What’s your “honorable mention” rail trail?

Posted by Matt Van Hattem
on Thursday, April 14, 2011

Here's a guest post from our Map of the Month illustrator, Bill Metzger. It's about the "Rails to trails across America: Your guide to 415 trails 10 miles or longer (11,830 miles in all)" map in the May 2011 issue of Trains. This map has generated a lot of reader letters, so we thought we'd share some of the "honorable mentions" that didn't make the map.


Staple Bend Tunnel, the first railroad tunnel in the United States, was built by the Allegheny Portage Railroad in 1834.  The 901-foot- long bore, located near Johnstown, Pa., is easily accessed by the 2 1/2-mile-long Staple Bend Tunnel Trail, which is operated by the National Park Service. Bill Metzger photo


Trains Magazine's May 2011 map of U.S. recreational trails fashioned from old railroad lines generated a lot of responses from readers - not the least of which concerned the decision to limit the map to trails of 10 miles in length or longer.

My original intention was to show all the trails in the country more than 5 miles long. I started with Massachusetts as a test and quickly realized that 5 miles was totally unworkable - even on a 3-page foldout map. I settled on 10 miles and briefly considered running some boxes with significant shorter trails, but gave that idea up, too, as the space began to fill up.

Still, that left out some trails that have a unique place in railroad history. Here are a few of those "honorable mentions" among rail trails shorter than 10 miles.

Reader Dave Ruby nominated one: "The Poughkeepsie, N.Y., 'Walkway over The Hudson.' According to the description, it is the world's longest pedestrian bridge and celebrates this historic rail crossing." The former New Haven Railroad bridge last carried trains in the 1970s.

Here's one from reader Peter Kushkowski: "There is a trail near Las Vegas, Nev., of such historic and scenic significance that it warrants at least an honorable mention. Known as the 'Railroad Tunnel Trail,' the original railroad was built to transport materials and equipment used in the construction of Hoover Dam. Hikers on this approximately 4-mile-long trail pass through no less than 5 tunnels, each about 300 feet long, and bored to 25 feet in diameter to accept over-sized, hydro-electric equipment loads. Additionally, the trail's high elevation provides scenic vista views of Lake Mead, the huge lake impounded by Hoover Dam."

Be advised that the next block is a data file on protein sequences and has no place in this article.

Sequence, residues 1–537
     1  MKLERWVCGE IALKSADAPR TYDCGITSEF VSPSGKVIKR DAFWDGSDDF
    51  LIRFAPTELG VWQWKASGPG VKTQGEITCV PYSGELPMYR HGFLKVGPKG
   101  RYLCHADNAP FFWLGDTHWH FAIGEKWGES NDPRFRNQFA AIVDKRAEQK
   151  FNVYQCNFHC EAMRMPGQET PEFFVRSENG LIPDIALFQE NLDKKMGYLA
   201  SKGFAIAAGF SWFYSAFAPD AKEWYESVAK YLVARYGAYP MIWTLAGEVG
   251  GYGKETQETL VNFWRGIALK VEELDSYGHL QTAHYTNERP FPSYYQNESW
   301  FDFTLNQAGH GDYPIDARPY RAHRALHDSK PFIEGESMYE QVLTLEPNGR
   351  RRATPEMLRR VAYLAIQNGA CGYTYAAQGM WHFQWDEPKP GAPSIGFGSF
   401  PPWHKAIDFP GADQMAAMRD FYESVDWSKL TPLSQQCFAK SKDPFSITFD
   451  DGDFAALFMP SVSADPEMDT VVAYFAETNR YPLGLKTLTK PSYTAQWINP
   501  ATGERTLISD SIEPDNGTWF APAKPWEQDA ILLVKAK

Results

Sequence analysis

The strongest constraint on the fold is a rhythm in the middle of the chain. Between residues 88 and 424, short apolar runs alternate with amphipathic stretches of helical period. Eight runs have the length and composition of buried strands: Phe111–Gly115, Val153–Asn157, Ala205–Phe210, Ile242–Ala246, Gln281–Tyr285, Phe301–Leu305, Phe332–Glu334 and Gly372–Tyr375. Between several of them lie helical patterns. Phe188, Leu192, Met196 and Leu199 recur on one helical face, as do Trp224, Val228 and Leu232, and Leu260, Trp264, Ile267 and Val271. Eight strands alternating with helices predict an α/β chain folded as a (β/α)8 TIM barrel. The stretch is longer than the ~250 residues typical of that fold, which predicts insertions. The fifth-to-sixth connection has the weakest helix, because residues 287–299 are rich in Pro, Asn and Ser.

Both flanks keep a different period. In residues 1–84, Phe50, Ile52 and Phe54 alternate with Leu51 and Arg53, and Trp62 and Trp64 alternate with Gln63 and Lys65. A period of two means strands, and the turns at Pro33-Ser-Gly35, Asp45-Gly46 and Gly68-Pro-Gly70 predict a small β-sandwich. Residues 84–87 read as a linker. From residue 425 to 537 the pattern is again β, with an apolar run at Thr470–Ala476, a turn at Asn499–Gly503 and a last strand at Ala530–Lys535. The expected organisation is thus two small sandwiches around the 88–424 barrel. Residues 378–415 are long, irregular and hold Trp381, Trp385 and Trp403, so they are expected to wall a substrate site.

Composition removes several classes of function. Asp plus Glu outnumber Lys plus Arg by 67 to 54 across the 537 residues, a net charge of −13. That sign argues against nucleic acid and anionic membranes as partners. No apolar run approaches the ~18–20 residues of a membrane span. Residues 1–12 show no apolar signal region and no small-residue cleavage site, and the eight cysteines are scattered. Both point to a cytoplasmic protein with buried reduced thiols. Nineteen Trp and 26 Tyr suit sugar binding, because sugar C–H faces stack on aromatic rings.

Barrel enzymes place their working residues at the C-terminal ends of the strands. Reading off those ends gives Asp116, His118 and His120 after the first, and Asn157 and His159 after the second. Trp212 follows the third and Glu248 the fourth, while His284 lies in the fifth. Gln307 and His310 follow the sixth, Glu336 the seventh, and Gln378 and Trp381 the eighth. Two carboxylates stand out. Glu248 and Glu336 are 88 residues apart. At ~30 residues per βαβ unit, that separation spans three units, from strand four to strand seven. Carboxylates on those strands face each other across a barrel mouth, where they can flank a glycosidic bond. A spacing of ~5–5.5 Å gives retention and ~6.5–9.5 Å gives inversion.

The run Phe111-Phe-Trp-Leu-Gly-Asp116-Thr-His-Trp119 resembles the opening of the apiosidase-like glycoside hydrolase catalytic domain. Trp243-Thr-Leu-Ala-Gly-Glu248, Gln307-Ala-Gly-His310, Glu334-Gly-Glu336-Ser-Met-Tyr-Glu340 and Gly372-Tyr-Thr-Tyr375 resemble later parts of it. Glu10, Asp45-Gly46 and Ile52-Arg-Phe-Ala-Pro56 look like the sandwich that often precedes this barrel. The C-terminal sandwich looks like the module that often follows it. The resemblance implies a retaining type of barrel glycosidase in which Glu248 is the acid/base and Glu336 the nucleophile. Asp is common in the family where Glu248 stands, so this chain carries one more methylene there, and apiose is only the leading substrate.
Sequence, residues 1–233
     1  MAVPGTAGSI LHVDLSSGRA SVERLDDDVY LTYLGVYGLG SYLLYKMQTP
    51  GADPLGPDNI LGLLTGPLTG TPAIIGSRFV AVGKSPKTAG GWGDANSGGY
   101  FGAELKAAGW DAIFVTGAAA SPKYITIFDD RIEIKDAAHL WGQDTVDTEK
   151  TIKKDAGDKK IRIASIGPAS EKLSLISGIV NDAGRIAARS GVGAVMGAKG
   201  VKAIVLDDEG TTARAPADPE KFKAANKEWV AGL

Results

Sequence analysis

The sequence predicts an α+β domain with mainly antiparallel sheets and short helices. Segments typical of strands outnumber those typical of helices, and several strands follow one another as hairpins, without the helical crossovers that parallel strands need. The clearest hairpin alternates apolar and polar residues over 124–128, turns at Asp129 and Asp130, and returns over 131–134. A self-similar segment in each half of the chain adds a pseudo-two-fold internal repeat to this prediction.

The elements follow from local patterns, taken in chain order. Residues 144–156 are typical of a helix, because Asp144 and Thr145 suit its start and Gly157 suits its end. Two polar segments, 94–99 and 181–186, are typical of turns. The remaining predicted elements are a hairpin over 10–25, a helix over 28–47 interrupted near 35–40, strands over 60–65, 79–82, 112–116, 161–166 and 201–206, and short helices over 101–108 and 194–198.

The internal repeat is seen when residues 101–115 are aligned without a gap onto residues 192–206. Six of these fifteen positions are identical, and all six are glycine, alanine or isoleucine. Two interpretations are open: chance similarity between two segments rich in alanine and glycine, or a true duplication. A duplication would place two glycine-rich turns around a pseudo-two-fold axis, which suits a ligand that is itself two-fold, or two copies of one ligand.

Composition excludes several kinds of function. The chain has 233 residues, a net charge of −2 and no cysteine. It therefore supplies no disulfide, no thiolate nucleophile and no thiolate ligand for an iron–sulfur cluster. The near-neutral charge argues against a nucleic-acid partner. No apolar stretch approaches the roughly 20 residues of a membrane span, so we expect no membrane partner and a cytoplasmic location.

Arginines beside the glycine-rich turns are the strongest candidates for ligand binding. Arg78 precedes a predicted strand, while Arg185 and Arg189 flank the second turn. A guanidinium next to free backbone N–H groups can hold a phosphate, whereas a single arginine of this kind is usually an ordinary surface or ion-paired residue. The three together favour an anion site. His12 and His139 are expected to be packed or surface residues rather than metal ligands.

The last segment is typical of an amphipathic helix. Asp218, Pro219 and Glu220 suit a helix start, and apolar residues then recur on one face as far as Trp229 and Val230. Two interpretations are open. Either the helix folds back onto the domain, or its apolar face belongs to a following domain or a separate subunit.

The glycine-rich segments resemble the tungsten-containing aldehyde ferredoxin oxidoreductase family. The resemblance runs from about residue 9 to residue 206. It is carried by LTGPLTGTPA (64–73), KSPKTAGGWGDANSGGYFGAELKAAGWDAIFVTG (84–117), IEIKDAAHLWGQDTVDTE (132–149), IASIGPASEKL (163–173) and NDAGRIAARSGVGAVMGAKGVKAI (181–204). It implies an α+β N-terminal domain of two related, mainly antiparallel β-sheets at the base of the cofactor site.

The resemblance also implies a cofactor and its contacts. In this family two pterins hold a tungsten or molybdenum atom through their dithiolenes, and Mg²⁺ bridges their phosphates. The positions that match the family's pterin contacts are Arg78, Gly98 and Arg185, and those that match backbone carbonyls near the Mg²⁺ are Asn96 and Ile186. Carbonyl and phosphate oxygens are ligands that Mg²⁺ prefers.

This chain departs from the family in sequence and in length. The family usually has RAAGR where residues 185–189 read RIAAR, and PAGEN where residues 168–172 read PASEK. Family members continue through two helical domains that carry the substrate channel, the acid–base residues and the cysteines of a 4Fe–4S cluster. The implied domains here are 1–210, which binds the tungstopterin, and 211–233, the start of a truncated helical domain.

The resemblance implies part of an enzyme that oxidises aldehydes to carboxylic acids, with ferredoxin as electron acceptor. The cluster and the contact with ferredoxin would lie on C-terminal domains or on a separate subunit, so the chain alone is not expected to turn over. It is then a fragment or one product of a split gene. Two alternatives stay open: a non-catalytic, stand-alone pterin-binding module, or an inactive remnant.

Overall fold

As for others, the Staple Bend Tunnel Trail is right in my back yard, in mountainous western Pennsylvania. It's the oldest railroad tunnel in the United States (901 feet long, built in 1834), but since the trail is just 2 ∏ miles, I could not include it. (We did show the trail in in our August 2010 issue foldout map of the Altoona-Johnstown, Pa. area.)

For that matter, the Kinzua Bridge Trail in the northern part of our commonwealth takes you out on what's left of what was once the highest railroad bridge in the country (301 feet high). But it's only two tenths of a mile long.

And I would be remiss in not mentioning the Walnut Street Bridge in Harrisburg, Pa., as a favorite. It's significant for two reasons: first, because it's one of the few remaining bridges that uses a combination of wrought iron and cast iron construction (the end diagonal columns use six riveted sections to make a round column, a technique pioneered but never patented by early bridge engineer Wendel Bollman), and second because my dad helped remove the Valley Railways interurban tracks from the bridge as one his jobs during the Great Depression.

In another life I was a photographer and one of the first things my photography teacher told me was KISS: Keep It Simple, Stupid. It's a lesson that carries over to my mapmaking. The trick is to include what's necessary to tell the story at hand and no more. And that's what I try to do with every map I do for Trains and Classic Trains.

So now you have two honorable mention rail trails from readers and three of mine. What are yours?

Can't get enough maps? Visit our Railroad Maps section that contains an archive of Maps of the Month.

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